What First Time Renters NEED to Know

Moving is a stressful time. It can be even more stressful if it is your first time renting.

Avoid hassles by starting with a smart budget.

If you are first time renters, you need to know where to start. Begin by determining what you can afford to pay for rent. Rent should make up less than 33% of your income, ideally. It is vital that you are sure you can afford the rent.

In Sioux Falls, there is a 3 day grace period to pay rent. If your landlord allows more of one, it will be written into your lease. A landlord may also charge “reasonable” fees for late rent. Commonly, it’s a small percentage of the rent or a set daily charge which kicks in around 3 days after the due date.

This free pre-rental checklist can help you budget monthly costs for each rental you’re interested in. Take this worksheet with you whenever you’re apartment or house hunting. Take notes about deposits, policies, and which utilities each landlord pays and which utilities you will pay. Keep in mind of the amenities and drawbacks for each unit before making a decision.

Making a good first impression

By now, you have likely heard that the rental market is competitive across the country. It’s true, especially in Sioux Falls. So, when you’re ready to rent, bring all the paper work you need with you.

If you have no credit or rental history, begin with this 4-step plan:

  1. Be ready to show income and dates of employment. Present contact information for at least two work references.
  2. Have at least one bank account, preferably two, a checking and a savings. A great way to demonstrate financial planning is by having the first 3 months of your rent covered.
  3. If someone who is qualified is willing to co-sign for you, bring him/her along.
  4. Be prepared to give contact information for two or more character references, such as teachers or mentors.

Most of this information can be used to fill out a rental application, a standard form most landlords require. This allows the landlord to conduct background and credit checks.

In most cases, you’ll need to pay a fee of $30 to $70 for the landlord to run a credit check. Landlords can only charge this fee if they run the credit check. Always get a receipt for any fees, deposits, or rent you pay, to save for your records.

Even first time renters may need to act fast if you’re in a rental market where people line up for open houses. Ask how many people have put in rental applications before you go to a showing. If it’s quite a few, and you’re unlikely to get the home, you may want to continue the search. Whenever possible try to take a night or two to weigh the pros and cons of each property.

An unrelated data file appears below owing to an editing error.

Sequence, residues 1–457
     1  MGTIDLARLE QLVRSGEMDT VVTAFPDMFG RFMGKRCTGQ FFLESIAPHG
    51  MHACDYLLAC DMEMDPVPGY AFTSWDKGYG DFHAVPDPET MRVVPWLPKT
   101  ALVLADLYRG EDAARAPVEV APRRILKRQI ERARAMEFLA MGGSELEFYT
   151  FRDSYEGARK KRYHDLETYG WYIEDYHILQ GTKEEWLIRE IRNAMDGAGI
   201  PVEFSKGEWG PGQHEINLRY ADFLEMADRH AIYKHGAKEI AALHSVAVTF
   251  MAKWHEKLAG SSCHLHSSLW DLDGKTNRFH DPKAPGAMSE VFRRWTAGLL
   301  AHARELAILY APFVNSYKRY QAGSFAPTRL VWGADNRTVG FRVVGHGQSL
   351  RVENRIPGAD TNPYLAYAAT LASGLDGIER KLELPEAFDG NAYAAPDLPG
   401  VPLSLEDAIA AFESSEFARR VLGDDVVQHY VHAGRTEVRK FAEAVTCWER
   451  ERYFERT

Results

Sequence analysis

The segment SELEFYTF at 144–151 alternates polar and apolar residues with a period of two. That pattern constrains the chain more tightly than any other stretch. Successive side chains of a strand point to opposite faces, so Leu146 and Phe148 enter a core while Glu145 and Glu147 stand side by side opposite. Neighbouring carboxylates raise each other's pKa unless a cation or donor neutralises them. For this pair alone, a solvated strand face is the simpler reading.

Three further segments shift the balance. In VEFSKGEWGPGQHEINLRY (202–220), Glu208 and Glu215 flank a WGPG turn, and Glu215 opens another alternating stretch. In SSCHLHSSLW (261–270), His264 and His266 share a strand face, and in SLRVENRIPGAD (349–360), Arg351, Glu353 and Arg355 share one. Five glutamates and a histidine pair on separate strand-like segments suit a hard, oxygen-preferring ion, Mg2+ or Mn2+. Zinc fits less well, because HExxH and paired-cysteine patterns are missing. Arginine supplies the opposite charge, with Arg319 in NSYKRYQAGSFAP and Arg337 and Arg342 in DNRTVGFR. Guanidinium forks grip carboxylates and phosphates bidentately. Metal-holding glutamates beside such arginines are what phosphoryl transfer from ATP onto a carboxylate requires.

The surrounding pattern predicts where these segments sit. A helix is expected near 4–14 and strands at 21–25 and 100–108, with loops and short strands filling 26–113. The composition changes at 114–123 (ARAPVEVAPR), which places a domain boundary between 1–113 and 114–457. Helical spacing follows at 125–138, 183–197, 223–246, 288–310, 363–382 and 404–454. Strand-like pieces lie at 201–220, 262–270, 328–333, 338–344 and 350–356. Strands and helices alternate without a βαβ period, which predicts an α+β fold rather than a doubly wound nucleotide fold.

Securing your first rental home

A lease is a legally binding document. Be certain that you understand what’s covered in a residential lease agreement. As first time renters be sure to ask your landlord, or a lawyer, any questions before signing a lease.

One-time fees such as security, pet, and utilities deposits can add up. According to MSNBC, your first month in a new home can easily reach $4000. The great news is if you take care of the home, and follow the lease, you should get some, or all, of your deposits back when you move out.

Moving In

First step when moving in is to inspect your new home. Write down any concerns or necessary repairs on an inspection worksheet. This allows you to notify the landlord about problems. It also prevents you from being charged for pre-existing problems or damage.

It’s your right, as a tenant, to live in a safe and habitable environment. Both you and your landlord have certain maintenance responsibilities for the home.

To be on the safe side, it’s a good idea to put your repair requests in writing. Within a reasonable length of time, your landlord has an obligation to respond. If you need to make a complaint to your landlord, again, do it in writing.

Do not leave a structural defect, health hazard, or community concern alone. Telling your landlord about problems immediately can protect you from liability when you move out.

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